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The Guardian: Hall of shame: Which companies are the worst polluters?

BP Oil Refinery Complex: The Guardian

BP oil refinery complex. Photograph: Christopher Furlong/Getty Images

Sally Uren 
Monday November 5 2007

Six of the 10 largest companies on the globe come from one of the oldest and historically most carbon-intensive sectors in business: oil and gas. Between them, the oil majors shown in our table account for 91% of the total emissions of CO2. That says a lot about the scale of the challenge we face in moving to a low-carbon world.

ExxonMobil takes the dubious prize for the highest emissions, responsible for 146m tonnes of carbon dioxide per annum, equivalent to the annual emissions of the United Arab Emirates. ExxonMobil is also the worst offender when it comes to total emissions relative to sales, a staggering 436 tonnes per $1m. By contrast, BP is nearly twice as efficient in its operations, emitting 261 tonnes of carbon dioxide per $1m in sales.

Three of the remaining top 10 companies come from the car-manufacturing sector. General Motors has the highest emissions at 12m tonnes per annum. DaimlerChrysler and Toyota both emit a modest 7m tonnes each. In relative terms DaimlerChrysler is slightly more efficient, emitting 35 tonnes of carbon dioxide per $1m of sales, compared with 36 for Toyota. Could this be a sign that others in the car-manufacturing sector are following Toyota’s well-documented lead in tackling climate change and sustainability?

Between them, the top 10 companies emit the same amount of carbon dioxide per annum as the entire UK.

This is a significant amount of carbon dioxide, and in the case of four of the top 10 companies — Exxon, Chevron, Toyota and ConocoPhilips — individual emissions are heading in the wrong direction, with overall greenhouse gas emissions increasing between 2005 and 2006. This is at a time when scientists, politicians and economists have reached consensus that we need a serious reduction in global carbon emissions, and we need it now.

As ever, these figures come with the usual health warnings. First, it is reported voluntarily, which makes it possible for different companies to measure and report their carbon dioxide emissions in different ways. Second, the data only includes carbon dioxide emissions up to the point of sale. None of the emissions resulting from consuming oil and gas, driving cars or using any of Wal-Mart’s or Asda’s thousands of product lines are included.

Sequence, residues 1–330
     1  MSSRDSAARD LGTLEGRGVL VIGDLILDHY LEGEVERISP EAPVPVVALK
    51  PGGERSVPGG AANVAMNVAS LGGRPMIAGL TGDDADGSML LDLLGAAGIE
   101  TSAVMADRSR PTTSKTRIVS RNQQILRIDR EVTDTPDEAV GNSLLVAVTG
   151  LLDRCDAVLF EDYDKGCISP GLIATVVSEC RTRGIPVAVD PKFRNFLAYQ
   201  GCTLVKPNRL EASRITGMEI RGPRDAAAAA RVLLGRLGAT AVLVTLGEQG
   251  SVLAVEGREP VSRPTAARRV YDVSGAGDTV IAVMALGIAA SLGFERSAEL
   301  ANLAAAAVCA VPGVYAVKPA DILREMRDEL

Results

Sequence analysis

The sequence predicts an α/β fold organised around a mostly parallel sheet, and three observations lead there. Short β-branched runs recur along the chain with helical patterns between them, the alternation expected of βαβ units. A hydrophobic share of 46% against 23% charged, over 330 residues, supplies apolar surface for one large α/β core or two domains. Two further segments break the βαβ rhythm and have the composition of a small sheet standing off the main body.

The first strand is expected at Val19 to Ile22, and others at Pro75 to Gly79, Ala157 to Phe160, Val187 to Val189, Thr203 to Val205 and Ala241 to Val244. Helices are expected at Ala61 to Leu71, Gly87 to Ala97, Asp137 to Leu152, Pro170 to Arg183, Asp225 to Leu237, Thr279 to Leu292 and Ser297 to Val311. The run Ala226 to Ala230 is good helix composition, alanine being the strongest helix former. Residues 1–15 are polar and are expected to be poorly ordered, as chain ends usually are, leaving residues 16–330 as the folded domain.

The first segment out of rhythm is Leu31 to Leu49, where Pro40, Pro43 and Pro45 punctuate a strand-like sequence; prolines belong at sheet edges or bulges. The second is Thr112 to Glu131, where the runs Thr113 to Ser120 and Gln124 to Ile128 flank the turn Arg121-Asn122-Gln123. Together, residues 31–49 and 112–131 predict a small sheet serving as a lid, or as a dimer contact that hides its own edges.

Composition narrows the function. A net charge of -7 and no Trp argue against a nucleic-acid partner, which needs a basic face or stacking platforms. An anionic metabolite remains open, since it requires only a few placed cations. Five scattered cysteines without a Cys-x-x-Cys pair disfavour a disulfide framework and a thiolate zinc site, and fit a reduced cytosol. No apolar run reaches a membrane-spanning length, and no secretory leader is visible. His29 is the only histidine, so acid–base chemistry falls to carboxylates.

Quibbles around the quality of data aside, it would seem that half of our top 10 companies are definitely laggards when it comes to best practice in carbon management. Five of the 10 — Exxon, DaimlerChrysler, Chevron, Total and ConocoPhilips — do not appear to have published targets to reduce carbon dioxide emissions. If a business is serious about tackling climate change, then public commitments to absolute carbon reductions — not relative reductions per unit of production/sales — are needed.

More effort required

For those companies with published targets, the scale of ambition is varied. General Motors has set itself a target of an 8% reduction in carbon dioxide emissions by 2010, with Toyota taking a lead with a creditable target of a 20% reduction in the same period. Wal-Mart is also committed to a 20% reduction, but over the next seven years. This level of aspiration is absolutely what is required in the short term, but by 2050 we need to see cuts in the order of 60%, ideally 90%, if we are to stand a chance of stabilising our climate.

We also need to see significant investment in sustainable technologies. Business-as-usual investment patterns will not deliver a low-carbon, sustainable economy. It is therefore disappointing to see that half of our top 10 don’t publish separate figures for investment in new, sustainable technologies.

Of those noble five companies publicly disclosing investment in sustainable technologies, again, we see Toyota taking a lead, with a laudable 13.8% of total annual capital investment being spent on sustainable options such as the use of renewable fuels and “eco-drive” technologies. By contrast, it is questionable whether Shell’s 1.1% investment is up to the scale of the challenge. With 6.8% of annual capital investment allocated to sustainable technologies such as alternative energy, BP leads the oil majors in its investment in the future.

Although Wal-Mart is only investing 3.1% of its overall capital expenditure on sustainable technologies, any investment h ere is significant given the influence of the world’s biggest retailer on what and how we buy. Wal-Mart’s well-publicised sustainability ambitions will have a direct influence on global consumption patterns. By reducing the carbon required to bring everyday products to market and, hopefully in the longer-term, taking some carbon villains off the shelves, Wal-Mart is making a meaningful contribution to a sustainable future.

However, in order to deliver the pace and scale of change required to guarantee a low carbon future, we need to see all the largest companies on the globe commit to stretching reduction targets, as well as to double-digit investment figures in new, sustainable technologies. Some of the carbon-hungry business models seen in our top 10 businesses are not part of a sustainable future. Carbon is becoming the new currency of business. Those businesses that use it wisely will be rewarded. Those that overspend will, along with their business models, be consigned to history.

· Dr Sally Uren is director of Forum for the Future’s business programme. Forum for the Future advises the Guardian on sustainability. and its sister websites,,,,, and are all owned by John Donovan. There is also a Wikipedia article.

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